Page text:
Dark New Day are a supergroup for the active rock/post-grunge sound that grew out of the American South in the 1990s and early 2000s. The bandmembers' credits include Sevendust, Stereomud, Stuck Mojo, and Doubledrive; vocalist/guitarist Brett Hestla even served as Creed's touring bassist. Of course, "supergroup" also means this is a quintet of veterans. And as the first single, "Brother," proves, they know how to push buttons. It's a professional blend of terse electric guitar, brooding familial bond lyrics, and reedy verses that scratch at the chunky electric precipice like denuded tree branches. Unfortunately, that professionalism is also Twelve Year Silence's biggest drawback. They might have grown up together in struggling bands, but the members of Dark New Day found success with the big-time alternative metal formula. So they already know how to sell records, and from Tool, Alice in Chains, and Nickelback -- not to mention the work of the bands they came from -- the catalogs of proven winners combine in the shadows of Silence. Mixer Ben Grosse (Alter Bridge, Auf Der Maur, Fuel) punctuates the stops and starts of "Pieces" and "Taking Me Alive," while "Fill Me Again" is one of hundreds of pounding yet entirely vague anthem tracks to come off the post-grunge assembly line. "Will it carry me/Far enough from all I've suffered/Will it bridge the gap/From there to here/Wonder if I had it all/Would I feel there's something missing/In tomorrow's light it seems so clear...." What does this couplet really mean? Throughout their debut, Dark New Day are sensitive without saying much. The quintet also rocks in the measured manner that's the conventional, coldly professional, and entirely unoriginal sound of active rock radio in 2005. They might sell a lot of records, but Dark New Day do nothing to challenge the status quo.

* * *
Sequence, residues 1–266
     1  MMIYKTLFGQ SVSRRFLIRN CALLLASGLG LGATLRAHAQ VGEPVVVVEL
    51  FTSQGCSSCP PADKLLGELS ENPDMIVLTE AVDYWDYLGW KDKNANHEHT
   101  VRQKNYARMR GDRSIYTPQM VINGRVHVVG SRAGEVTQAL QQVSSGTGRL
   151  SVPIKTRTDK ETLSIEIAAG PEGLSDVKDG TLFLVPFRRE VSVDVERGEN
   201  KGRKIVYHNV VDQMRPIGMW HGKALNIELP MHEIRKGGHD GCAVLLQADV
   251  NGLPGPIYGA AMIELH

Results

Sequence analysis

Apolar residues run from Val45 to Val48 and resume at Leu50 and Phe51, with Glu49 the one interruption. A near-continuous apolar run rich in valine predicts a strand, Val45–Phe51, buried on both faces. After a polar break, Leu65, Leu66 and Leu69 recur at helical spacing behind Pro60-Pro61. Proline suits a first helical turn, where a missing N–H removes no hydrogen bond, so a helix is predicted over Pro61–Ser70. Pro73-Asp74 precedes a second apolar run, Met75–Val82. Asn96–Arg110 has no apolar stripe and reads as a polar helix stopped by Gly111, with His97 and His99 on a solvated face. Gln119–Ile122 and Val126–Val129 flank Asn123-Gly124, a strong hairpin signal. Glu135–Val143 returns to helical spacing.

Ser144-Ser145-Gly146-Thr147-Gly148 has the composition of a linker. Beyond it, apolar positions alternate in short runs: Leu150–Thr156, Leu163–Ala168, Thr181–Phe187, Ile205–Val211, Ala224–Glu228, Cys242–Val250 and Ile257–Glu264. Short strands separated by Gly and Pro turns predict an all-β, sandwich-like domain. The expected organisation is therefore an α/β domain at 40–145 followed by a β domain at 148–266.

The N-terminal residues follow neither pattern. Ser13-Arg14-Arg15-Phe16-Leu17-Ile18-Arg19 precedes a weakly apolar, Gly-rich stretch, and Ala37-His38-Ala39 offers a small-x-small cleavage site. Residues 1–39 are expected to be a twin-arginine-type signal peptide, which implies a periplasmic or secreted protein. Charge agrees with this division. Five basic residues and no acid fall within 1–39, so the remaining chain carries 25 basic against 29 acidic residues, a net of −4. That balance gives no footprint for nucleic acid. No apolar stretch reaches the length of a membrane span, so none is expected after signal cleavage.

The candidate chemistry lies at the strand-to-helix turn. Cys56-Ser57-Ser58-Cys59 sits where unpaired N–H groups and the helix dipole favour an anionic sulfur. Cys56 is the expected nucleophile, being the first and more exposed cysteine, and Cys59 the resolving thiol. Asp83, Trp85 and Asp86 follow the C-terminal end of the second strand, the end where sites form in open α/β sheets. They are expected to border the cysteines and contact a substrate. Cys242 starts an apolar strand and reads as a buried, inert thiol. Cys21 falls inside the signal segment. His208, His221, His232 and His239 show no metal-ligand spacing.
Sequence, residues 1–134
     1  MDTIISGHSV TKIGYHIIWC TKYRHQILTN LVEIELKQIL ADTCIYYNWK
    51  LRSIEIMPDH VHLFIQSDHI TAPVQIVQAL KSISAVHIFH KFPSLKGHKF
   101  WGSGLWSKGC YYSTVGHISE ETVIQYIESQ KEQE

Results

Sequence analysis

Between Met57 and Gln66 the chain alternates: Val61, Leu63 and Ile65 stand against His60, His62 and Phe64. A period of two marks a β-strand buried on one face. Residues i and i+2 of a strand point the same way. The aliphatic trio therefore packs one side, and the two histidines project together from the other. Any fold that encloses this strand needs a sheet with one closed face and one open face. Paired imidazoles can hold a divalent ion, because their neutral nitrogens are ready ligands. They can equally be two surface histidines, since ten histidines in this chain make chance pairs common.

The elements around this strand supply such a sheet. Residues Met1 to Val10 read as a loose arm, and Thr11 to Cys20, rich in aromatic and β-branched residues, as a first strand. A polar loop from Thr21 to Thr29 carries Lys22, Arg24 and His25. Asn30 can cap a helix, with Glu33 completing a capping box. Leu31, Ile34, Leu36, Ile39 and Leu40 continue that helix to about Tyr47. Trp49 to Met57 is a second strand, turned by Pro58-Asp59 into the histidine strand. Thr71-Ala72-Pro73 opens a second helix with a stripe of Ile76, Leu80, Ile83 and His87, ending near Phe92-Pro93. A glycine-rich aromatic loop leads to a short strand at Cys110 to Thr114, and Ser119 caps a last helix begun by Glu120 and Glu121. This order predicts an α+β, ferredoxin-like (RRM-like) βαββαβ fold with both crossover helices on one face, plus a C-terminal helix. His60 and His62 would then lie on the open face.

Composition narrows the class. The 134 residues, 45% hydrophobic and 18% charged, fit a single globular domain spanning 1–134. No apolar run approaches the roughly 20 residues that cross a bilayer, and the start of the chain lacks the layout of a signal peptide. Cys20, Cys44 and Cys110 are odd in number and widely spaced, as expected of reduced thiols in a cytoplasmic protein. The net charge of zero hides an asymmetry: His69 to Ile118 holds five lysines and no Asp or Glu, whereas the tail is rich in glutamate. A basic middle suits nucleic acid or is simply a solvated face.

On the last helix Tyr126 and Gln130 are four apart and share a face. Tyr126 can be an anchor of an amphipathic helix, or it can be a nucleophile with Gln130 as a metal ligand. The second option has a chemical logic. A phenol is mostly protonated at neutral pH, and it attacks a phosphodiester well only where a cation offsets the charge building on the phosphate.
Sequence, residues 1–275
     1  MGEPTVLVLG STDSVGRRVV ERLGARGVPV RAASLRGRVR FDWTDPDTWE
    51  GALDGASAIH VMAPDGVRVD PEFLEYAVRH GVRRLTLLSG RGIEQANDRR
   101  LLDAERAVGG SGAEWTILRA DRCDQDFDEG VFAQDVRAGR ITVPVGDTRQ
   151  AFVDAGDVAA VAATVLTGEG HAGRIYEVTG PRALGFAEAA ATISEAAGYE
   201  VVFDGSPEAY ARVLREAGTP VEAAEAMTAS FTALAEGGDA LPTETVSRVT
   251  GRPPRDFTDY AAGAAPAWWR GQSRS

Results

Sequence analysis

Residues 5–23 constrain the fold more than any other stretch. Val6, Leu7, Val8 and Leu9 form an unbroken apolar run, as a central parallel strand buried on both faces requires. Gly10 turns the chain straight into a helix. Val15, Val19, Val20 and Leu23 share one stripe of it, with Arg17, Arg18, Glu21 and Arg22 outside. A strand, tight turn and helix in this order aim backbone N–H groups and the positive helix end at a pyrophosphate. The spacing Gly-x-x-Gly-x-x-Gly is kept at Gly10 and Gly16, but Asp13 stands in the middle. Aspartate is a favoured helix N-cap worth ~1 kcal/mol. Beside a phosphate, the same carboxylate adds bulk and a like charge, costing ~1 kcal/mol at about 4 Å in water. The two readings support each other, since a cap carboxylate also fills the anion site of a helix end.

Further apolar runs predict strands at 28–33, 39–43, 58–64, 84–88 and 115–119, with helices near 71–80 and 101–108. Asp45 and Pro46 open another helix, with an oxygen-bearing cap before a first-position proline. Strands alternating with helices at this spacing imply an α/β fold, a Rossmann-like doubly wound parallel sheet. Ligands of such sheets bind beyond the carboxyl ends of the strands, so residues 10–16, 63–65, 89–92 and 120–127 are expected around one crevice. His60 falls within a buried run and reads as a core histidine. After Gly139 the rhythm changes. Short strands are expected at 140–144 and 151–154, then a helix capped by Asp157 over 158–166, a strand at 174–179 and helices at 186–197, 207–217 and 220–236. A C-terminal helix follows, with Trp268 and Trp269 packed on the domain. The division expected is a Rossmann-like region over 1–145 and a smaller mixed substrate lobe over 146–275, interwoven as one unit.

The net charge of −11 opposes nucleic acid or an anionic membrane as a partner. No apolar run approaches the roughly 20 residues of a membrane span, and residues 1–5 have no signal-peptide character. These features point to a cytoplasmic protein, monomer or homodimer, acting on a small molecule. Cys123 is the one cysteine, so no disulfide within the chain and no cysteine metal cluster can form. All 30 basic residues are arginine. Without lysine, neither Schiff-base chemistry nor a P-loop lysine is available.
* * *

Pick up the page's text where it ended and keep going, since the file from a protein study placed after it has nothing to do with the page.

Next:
AllMusic Review by Johnny Loftus